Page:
JANUARY 7, 2012 2:50PM

Bluish Blood

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Let us talk for a moment about privilege.

There is the type of privilege that is simply being here, now, alive. This is the highest. Then there is the privilege of, say, owning such an amazement as a dishwasher, an appliance that accepts greasy dishes and spoons and returns them new again after the mere press of a button (and the selection of a crossword puzzle's worth of interlocking processes). It also returns a bill from Central Hudson, which I guess is also something of a privilege. I try to imagine what my grandmother, with a family of five boys coming out of the Depression, might have felt having such a thing in her kitchen--either a dead faint, or the Hallelujah Chorus.

I am hugely privileged, of course, and I know it. Not only in having a dishwasher, but also, in a short list, the following: a view out my window of rough and wild mountains (only partly ruined by high-tension wires, which I'd be a sorry ass to dislike, given their gifts [such as dishwasher and bill]; trade-offs are also a form of privilege); a car in my driveway that has not failed to start every single time I have turned the key; two motorcycles in the garage that do not always do the same, but this in its own way might be considered a privilege (that of needing to engage with them fully); the dog whose happiness redoubles my own when I watch her bound ahead of me on the trail with every cell in her being on fire with exuberance; the surpassing love I feel for her in the morning, whether it's come too soon or not, Miss Bright Eyes, complicated and uncomplicated both.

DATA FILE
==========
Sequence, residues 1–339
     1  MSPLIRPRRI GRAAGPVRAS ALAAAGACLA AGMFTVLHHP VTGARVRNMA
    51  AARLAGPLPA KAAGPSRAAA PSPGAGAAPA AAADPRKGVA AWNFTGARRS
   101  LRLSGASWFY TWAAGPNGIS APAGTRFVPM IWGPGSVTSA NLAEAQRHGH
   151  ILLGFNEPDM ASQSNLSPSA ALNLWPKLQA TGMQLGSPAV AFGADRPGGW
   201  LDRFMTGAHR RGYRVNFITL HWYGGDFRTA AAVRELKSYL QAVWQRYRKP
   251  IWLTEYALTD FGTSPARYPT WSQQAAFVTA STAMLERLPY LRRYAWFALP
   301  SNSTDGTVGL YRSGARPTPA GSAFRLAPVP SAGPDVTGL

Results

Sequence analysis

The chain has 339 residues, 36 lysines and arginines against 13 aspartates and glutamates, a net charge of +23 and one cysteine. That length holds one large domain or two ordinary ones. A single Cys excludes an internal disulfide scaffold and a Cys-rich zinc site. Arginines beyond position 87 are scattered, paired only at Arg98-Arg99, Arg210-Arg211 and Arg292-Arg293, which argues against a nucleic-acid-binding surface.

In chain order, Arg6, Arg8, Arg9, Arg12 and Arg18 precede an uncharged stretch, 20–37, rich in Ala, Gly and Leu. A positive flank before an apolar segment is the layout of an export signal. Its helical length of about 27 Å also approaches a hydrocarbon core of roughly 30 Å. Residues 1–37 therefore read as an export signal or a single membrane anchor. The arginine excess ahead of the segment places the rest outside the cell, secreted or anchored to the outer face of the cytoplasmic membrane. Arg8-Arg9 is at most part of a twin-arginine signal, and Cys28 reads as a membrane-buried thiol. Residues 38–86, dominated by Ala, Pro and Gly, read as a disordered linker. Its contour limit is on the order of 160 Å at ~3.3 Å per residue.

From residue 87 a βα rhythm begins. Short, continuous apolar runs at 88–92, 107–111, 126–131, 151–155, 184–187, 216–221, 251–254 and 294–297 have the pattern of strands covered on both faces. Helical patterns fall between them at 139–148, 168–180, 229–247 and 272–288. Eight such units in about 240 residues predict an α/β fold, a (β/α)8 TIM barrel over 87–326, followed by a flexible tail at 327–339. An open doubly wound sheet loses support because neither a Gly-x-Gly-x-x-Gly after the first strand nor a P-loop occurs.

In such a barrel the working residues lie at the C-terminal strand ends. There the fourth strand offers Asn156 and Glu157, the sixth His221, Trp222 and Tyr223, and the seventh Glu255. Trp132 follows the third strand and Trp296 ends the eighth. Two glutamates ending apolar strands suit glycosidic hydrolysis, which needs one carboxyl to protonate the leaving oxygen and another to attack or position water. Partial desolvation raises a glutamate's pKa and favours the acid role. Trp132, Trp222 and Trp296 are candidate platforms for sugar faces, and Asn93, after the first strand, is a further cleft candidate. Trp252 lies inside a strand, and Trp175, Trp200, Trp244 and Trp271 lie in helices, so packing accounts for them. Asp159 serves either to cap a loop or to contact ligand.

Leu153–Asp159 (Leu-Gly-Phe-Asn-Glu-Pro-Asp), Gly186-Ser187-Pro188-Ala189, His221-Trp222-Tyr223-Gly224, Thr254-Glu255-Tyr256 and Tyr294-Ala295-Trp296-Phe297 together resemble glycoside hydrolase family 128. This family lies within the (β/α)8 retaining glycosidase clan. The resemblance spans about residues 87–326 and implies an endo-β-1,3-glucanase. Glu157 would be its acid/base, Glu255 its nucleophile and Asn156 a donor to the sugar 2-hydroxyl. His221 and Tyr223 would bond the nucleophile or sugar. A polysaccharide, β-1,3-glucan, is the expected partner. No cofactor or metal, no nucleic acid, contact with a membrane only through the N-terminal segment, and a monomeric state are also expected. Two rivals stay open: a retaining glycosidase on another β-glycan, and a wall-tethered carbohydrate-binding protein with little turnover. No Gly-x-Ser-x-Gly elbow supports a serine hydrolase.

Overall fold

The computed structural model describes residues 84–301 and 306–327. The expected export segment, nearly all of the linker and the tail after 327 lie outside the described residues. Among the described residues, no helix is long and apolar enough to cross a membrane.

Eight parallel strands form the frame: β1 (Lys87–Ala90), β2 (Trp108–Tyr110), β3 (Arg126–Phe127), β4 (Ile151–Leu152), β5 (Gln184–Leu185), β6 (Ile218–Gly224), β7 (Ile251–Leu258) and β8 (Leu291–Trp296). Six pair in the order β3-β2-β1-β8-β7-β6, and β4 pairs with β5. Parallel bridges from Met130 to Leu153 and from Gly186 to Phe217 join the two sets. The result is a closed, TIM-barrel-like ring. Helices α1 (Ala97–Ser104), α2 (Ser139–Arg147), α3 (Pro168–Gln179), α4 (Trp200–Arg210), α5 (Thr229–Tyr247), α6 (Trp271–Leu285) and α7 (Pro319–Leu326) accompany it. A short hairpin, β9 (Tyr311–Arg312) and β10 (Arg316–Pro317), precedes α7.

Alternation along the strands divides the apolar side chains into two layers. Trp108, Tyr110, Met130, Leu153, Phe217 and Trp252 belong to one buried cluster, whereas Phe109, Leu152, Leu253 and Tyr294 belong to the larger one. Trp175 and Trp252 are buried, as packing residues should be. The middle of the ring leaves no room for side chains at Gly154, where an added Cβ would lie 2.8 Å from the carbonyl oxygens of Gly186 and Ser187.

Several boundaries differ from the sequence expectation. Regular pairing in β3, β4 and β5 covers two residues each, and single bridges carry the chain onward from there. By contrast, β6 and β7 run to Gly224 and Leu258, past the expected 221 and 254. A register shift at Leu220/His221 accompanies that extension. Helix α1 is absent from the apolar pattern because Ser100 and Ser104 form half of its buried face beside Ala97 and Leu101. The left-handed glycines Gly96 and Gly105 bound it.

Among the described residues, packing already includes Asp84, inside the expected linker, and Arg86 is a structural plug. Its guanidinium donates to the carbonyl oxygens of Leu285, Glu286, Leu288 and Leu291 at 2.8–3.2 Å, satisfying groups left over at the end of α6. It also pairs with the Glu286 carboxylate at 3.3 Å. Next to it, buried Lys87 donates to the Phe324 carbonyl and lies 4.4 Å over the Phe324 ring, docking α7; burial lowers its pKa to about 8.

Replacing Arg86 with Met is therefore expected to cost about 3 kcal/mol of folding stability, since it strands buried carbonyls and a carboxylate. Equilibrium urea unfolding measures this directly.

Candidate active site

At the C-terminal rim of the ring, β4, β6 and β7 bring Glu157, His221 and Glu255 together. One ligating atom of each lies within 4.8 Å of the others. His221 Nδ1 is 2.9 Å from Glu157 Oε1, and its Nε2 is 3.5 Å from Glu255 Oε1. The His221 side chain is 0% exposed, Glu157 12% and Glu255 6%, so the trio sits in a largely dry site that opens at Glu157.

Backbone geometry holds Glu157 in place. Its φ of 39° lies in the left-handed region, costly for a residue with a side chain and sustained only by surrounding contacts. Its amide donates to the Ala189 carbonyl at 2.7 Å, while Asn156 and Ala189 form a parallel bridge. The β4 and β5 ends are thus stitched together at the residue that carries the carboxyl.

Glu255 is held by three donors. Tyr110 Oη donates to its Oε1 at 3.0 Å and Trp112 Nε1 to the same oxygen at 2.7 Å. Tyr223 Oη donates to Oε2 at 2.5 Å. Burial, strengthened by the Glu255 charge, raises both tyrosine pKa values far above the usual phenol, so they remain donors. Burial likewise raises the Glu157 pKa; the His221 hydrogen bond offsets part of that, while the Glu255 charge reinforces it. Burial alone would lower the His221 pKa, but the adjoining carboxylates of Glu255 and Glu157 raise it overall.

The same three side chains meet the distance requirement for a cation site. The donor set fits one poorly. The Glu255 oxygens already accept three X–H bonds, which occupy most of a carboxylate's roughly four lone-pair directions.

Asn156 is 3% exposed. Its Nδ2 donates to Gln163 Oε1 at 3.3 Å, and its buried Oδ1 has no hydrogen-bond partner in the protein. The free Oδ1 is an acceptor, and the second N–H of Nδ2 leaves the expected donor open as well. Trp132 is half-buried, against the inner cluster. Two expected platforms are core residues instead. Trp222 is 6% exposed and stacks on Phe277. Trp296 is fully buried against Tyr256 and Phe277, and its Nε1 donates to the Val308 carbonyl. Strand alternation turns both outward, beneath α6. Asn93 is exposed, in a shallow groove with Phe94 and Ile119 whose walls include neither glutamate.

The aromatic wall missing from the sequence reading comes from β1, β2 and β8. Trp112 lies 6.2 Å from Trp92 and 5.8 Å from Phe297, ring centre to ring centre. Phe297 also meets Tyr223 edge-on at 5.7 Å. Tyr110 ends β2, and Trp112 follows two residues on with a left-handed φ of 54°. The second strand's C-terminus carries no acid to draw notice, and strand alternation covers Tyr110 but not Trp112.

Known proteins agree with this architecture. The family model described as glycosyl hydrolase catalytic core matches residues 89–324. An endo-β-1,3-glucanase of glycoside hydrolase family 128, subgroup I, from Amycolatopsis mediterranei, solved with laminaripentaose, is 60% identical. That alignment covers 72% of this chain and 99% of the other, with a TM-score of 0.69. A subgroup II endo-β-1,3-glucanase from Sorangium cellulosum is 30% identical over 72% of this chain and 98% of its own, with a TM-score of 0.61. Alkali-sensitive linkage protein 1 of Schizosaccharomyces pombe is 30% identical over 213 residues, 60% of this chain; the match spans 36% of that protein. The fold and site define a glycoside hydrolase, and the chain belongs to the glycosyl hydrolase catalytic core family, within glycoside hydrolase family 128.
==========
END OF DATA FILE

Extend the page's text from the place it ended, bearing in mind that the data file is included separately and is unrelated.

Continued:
It goes without saying that the privilege of having a child, healthy and smart and funny, embarking on his own path into a world of peculiar privilege entirely his own, stands as king at the head of this nation of marvelous luck.

The final privilege I wish to enumerate, though, is a little more strange: the privilege of occasionally brushing up against august privilege--that of impossible wealth and luxury. And then retreating again, to my own life of advantage. Though everything is relative, isn't it.

I have been dressed in a long gown, ready to go to a black-tie gala where I will drink champagne and eat the kind of dessert that always features thin curtains of chocolate making a cityscape on the plate, and wondered if I had enough money to pay the cabbie to get there. (Riding the subway from Brooklyn in formalwear, especially high heels, is only for the heroically brave, and I am an abject coward, apparently.) I have been to homes where I was waited on by servants--I mean, the house staff. I have partied in a home that used to be an embassy, where the walls were filled with modernist artworks that would have been in a museum had they not been bought by an individual with more money than most museums. (Imagine entering a small private library, snooping about hopefully unnoticed, and discovering that it is the Joseph Cornell room. As in, not one, but many, of his incomparable boxes. I had to pick my own jaw up from the floor.) I have been to little fetes that cost more than I earn in a year.